Manchester Arena attack paramedic 'let down' by North West Ambulance Service

A paramedic who was one of the first responders the night of the Manchester Arena bombing says the ambulance service failed to provide her with proper mental health support following the attack.

Lea Vaughan was part of a specialist team of just three paramedics sent into the foyer after Salman Abedi, detonated his shrapnel-packed, home-made rucksack bomb, killing 22 people and injuring hundreds more.

Following the atrocity on the 22 May 2017, Lea realised she was struggling with her mental health.

As part of North West Ambulance Service Hazardous Area Response Team (HART), she'd had specialist training in how to deal with a terrorist attack.

But Lea says no amount of training could prepare her for what she was about to face.

There could have been a secondary device or an active shooter and Lea placed her own life at risk to help as many people as she could.

Lea Vaughan describes the impact of the attack on her mental health

The paramedic was referred to occupational health seven months after the attack, but by then it was too late to prevent the post traumatic stress disorder she now suffers.

In December 2021 she was declared medically unfit to work.

Despite her diagnosis however she says the support she thought she would get from the ambulance service was not there.

Lea Vaughan describes the moment she was asked to enter the scene of the blast

The North West Ambulance Service has come under immense scrutiny over why it didn’t send more paramedics into the area where the bomb detonated.

Casualties were instead carried out of the Arena to the station concourse at Victoria train station and treated there.

But this took a considerable amount of time and meant many members of the public ended up treating the injured as best they could with very little first aid knowledge or equipment.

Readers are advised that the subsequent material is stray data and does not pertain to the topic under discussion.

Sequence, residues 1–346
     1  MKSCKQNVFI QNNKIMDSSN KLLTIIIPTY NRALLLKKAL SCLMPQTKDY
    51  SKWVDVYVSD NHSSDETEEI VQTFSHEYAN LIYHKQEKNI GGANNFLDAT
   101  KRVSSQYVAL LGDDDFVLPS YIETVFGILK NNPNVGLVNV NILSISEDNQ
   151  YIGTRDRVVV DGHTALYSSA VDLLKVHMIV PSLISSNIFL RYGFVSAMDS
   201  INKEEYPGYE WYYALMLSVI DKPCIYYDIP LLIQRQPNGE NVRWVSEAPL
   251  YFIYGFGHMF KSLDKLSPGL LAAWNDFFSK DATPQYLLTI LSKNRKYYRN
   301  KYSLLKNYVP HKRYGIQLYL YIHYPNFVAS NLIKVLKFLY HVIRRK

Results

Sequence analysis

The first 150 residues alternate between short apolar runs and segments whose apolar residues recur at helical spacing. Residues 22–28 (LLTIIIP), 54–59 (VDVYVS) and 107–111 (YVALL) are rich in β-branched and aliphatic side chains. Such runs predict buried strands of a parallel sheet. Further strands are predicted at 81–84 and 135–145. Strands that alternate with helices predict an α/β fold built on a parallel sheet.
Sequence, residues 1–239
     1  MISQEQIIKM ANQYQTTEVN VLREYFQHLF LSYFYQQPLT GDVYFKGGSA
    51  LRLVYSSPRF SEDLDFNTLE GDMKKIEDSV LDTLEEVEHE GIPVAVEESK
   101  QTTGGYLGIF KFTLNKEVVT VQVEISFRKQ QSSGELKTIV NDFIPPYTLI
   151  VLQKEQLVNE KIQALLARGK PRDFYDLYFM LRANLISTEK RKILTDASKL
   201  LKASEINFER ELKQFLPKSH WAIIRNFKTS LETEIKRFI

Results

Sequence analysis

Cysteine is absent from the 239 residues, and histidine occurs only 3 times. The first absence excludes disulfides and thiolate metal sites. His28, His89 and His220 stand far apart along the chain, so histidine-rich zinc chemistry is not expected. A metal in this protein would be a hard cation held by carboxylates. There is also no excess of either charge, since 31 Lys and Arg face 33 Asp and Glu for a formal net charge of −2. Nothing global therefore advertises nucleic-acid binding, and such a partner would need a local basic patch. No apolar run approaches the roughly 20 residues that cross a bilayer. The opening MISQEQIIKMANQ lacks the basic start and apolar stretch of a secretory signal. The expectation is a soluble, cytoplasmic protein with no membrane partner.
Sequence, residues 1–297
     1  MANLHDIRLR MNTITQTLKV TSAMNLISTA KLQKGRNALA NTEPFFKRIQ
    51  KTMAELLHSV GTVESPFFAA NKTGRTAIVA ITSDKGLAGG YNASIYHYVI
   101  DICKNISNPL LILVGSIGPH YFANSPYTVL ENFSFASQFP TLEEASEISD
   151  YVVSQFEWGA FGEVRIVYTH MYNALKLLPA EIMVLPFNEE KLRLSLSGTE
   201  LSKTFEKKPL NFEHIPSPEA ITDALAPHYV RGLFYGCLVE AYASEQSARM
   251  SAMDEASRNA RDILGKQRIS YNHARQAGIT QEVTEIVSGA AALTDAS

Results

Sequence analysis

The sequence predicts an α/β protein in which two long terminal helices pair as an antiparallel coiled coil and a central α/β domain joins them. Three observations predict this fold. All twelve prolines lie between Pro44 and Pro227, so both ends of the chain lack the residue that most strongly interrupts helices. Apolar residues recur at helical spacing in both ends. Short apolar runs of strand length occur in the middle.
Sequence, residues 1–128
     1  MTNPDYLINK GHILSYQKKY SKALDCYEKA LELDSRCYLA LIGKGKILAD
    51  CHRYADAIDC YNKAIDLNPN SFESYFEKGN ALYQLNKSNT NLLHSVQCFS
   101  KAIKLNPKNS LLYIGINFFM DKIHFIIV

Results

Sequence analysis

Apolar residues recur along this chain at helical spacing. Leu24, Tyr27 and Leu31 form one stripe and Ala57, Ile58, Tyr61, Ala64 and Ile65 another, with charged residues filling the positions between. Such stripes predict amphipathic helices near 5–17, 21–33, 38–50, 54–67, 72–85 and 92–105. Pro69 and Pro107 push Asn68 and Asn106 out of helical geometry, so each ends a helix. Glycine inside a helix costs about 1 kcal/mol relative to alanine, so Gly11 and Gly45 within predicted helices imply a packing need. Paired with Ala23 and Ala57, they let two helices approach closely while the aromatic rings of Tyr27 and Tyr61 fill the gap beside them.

Paramedics Chris Hargreaves and Lea Vaughan climbing the stairs to the raised footbridge on their way to Manchester Arena.

The Ambulance Service admit more specialists should have gone in but say it was too dangerous for operational paramedics who didn't have the protective gear or proper training.

It’ll be for the public inquiry into the bombing to decide whether they made the right decision.

Lea Vaughan believes more specialist HART paramedics should have been sent in to help her but says the area wasn't suitable for operational paramedics

Ged Blezard, Director of Operations at North West Ambulance Service (NWAS), said: "The actions of all the first responders to the Arena incident were incredibly brave and commendable.

"The welfare of our staff is always of the utmost importance to us, but especially after incidents such as this, and a wide range of support options are available.

"These include, but are not limited to, team reflections and debriefing sessions, priority access to trauma counselling, drop-in counselling sessions, support from NWAS colleagues trained in trauma risk assessment for mental health, and access to other mental health support services.

"With further investigations and legal proceedings underway in relation to these specific claims, we are unable to comment further."

Lea Vaughan hopes speaking out will ensure better support for those who still serve on the front line. 

The 22 victims of the Manchester Arena Attack.